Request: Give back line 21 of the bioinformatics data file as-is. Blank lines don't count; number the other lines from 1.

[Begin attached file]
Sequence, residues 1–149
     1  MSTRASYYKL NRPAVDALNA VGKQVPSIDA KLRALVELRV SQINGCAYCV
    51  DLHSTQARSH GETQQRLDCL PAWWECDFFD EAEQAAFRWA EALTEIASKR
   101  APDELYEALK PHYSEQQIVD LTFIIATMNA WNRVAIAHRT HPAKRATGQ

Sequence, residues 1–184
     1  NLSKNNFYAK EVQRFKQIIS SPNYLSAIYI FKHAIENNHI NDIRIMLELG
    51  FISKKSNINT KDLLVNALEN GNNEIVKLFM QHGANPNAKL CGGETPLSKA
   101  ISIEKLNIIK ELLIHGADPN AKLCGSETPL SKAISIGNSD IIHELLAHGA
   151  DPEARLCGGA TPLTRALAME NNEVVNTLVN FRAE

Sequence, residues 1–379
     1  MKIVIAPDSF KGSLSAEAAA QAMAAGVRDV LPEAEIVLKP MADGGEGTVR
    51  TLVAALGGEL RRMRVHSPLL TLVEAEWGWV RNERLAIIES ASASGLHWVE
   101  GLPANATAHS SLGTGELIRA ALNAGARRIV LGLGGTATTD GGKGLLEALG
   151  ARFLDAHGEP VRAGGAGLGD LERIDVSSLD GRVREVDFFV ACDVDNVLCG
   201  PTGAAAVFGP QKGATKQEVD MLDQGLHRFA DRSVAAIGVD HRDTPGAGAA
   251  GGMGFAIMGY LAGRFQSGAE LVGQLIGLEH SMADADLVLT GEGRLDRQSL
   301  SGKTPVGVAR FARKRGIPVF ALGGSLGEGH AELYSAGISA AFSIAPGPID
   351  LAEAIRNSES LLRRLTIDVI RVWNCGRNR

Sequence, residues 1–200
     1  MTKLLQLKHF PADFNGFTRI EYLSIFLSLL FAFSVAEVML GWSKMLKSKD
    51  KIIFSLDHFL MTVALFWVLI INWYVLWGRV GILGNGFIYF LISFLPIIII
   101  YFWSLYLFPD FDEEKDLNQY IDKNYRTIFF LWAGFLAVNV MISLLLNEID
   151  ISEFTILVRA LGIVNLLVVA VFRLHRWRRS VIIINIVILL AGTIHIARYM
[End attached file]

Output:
    51  KIIFSLDHFL MTVALFWVLI INWYVLWGRV GILGNGFIYF LISFLPIIII